Monday, January 24, 2011

Baby shower high tea

I had a great weekend. Really special.
Firstly, I went to my friend Katie's 30th birthday at the Harbour View Hotel in the Rocks. It was held in one of the function rooms, and is nestled under the Sydney harbour bridge. So, amazing view of the park under the harbour bridge, and you can see right up onto the bridge and where the trains cross every few minutes. I love that it is so iconic for Sydney but also such an active piece of architecture for Sydneysiders - we really couldn't do without it. The pub itself is quite hidden, even the tourists wandering through the Rocks don't really find it without specifically looking for it. The bridge climbers might though, as the first stage of the climb is along a precarious iron pathway under the bridge that goes right over the balconies of the hotel.
Katie totally rocked it in a designer dress, quite the birthday girl. Loved catching up with a few good friends too.

On Sunday, we held Sarah's birthday shower at my place - she's got a month to go, but is still looking radiant and gorgeous, despite Sydney's super humid summer.
Between Lorraine and I we managed to make the place look really girlie and vintage, and put on a spread to match. Lorraine has been hunting and gathering old fashioned English china for months at Rozelle markets, and other op shops in the Inner West and now has a gorgeous collection. I also pulled out a few of my grandmother's cups and saucers, as well as a lot of decorative silver forks and spoons.  It was just the sort of party she would have loved, so it felt very special to be able to use them too.

The spread:
Dips & fruit platter
Lorraine's rocky road
Cupcakes from My little cupcake in Neutral Bay. It was way too hot to spend the whole of the day before baking. This shop is totally worth a visit for gorgeous cupcakes, but also girlie decorations, tea sets, aprons, baby toys and cupcake displays.
Lemon Polenta Cake
Jasmine's chicken sandwiches

I thought I would just leave you with the recipe for the Lemon Polenta Cake (modified from Nigella Kitchen)
It's a flourless recipe - so also great for gluten intolerant people, and is richer and heavier than flour based cakes.

For the cake:
200g unsalted butter (room temperature)
200g caster sugar
200g almond meal
100g fine polenta ( you can also use cornmeal)
1 1/2 teaspoons baking powder (use gluten-free if needed)
3 eggs
zest of 2 lemons

For the syrup:
Juice from 2 lemons (save from above)
125g icing sugar


Line a springform tin with baking paper and grease the sides. Preheat the oven to 180.

Beat the sugar and butter until it is pale, and whipped in texture.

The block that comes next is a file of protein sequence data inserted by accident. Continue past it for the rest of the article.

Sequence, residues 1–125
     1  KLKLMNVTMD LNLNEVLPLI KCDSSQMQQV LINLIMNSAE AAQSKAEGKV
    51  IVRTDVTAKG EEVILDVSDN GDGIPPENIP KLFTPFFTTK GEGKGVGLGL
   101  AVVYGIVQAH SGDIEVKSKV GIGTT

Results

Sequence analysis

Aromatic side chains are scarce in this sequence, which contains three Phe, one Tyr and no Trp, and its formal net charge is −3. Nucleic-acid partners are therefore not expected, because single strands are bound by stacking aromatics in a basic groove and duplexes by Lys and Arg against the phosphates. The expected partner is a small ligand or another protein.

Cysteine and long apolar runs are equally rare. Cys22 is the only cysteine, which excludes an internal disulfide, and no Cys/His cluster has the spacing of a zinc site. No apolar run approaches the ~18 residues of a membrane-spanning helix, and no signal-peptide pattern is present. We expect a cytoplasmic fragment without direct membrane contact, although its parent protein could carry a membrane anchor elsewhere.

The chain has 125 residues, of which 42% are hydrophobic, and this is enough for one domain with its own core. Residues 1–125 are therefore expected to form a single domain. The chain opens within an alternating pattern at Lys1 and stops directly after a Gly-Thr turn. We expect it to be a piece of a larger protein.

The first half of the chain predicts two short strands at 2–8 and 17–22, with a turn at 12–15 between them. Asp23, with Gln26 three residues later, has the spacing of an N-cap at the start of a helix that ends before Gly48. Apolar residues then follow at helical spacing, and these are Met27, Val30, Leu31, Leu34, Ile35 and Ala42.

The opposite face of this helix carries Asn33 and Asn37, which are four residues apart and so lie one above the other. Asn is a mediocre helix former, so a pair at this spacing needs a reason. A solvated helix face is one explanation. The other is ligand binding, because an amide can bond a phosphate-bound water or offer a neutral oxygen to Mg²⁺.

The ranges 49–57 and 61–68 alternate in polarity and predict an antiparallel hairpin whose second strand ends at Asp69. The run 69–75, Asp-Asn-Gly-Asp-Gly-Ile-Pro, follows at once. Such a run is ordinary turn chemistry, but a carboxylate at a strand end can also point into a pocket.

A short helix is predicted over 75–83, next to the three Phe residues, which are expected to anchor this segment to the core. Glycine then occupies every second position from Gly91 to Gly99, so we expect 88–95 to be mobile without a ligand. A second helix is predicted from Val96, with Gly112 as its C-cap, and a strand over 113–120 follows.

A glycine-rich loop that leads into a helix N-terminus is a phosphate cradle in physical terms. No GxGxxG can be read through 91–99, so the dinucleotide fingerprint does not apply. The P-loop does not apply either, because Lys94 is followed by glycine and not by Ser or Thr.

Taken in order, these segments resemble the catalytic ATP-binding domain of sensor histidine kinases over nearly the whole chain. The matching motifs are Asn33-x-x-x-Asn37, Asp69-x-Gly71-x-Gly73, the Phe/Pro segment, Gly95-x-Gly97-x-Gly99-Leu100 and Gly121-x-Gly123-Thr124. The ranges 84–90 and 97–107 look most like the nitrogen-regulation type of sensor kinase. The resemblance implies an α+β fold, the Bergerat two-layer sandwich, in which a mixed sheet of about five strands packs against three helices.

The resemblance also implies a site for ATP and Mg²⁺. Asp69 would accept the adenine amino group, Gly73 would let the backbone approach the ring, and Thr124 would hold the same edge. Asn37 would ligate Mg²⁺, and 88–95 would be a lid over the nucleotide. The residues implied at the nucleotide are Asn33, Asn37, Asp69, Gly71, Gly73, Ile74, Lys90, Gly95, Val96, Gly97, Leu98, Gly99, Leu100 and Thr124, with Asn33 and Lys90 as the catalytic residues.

Mix together the dry ingredients (almond meal, polenta, baking powder) and beat some of this into the sugar/butter mixture, alternating with the 3 eggs until everything is combined.

Finally, add in the lemon zest, then beat until the batter is even.

Then pour into the springform tin and bake for 40 minutes.

When ready, it will be golden on the top, and the cake will have started to come away from the sides of the tin. A cake tester will also come out clean.

To make the syrup, pour the lemon juice and the icing sugar into a small pan. Heat over a low flame until the icing sugar is incorporated.

Prick the cake with a cake tester, or a piece of spaghetti, and then poor the lemon syrup over the cake (whilst still in its tin). Leave to cool in the tin, sitting on a wire rack.

Dust with icing sugar to serve.

Thanks to all the girls for making the afternoon really special, and to Lorraine for organising everything.

Thursday, January 20, 2011

sexy summer salad

I've been asked by a few friends exactly what is in the salad that appears in the banner for my blog - and as today was such a stunning Sydney summer today, I decided to make it again for a light but exciting lunch.

It's a really simple salad, although it looks and tastes amazing.

100g proscuitto or serrano
1 nectarine
50g soft ricotta (eating not cooking)
100g baby spinach or rocket leaves
balsamic vinegar and extra virgin olive oil to serve

It would also make a great share plate for an entree at a summer party.

Wednesday, January 19, 2011

Yummy pumpkin and chia seed muffins

I love these muffins. And they're really not the evil ones that you find in cafes. You know the ones that contain the same amount of calories as a meal, laden with fat and sugar. These really are ones you can feel good about - all the ingredients are good for you, but the sweetness of honey and the basil make these really special.

This is based on a recipe by the lovely Sarah Wilson. She has opened my eyes to the healthy possibilities for food. How chia seeds work, how to avoid gluten (if necessary), the delights of kale to name a few. She writes a food based blog every Tuesday having studied at INN, which is something that really interests me too. 

I decided to bake them again today for my little girl. She loves trying everything at the moment, a complete turn around from the food fights and tantrums of a few months ago. We struggled to get her to eat anything other than yogurt and some fruit purees. Now she eats nearly anything that I give her - what a relief!

Makes 6-8 largish muffins

2 eggs, separated
1/2 cup honey
2 tbs grapeseed oil (or another non-flavoured oil like camelia)
1 cup grated pumpkin
1 cup almond meal
2 cups gluten-free flour (buckwheat or besan) or plain flour for gluten tolerant people
1 tsp cinnamon
1 tsp baking powder
1 handful chopped basil leaves
1 fistful chia seeds

Pre-heat the oven to 180.

Prepare the muffin tins with squares of baking paper, approximately 10cm x 10cm.

Mix the egg yolks with half a cup of honey and the grapeseed oil. A stab mixer works well here.

Next add the pumpkin and almond meal, along with the flour, cinnamon, baking powder, basil and chia seeds.

Stir in half a cup of water and the whisked egg whites.

Finally, spoon the mixture into a muffin tray and place into the oven for 15 minutes.

To serve, roughly tear some more basil leaves.  A yummy, healthy morning or afternoon tea. These also make a wonderful bread replacement for a light lunch.

PS - Always love the opportunity to roast some pumpkin to add to salads. Even if you buy a small piece of butternut pumpkin, there will always be some left over.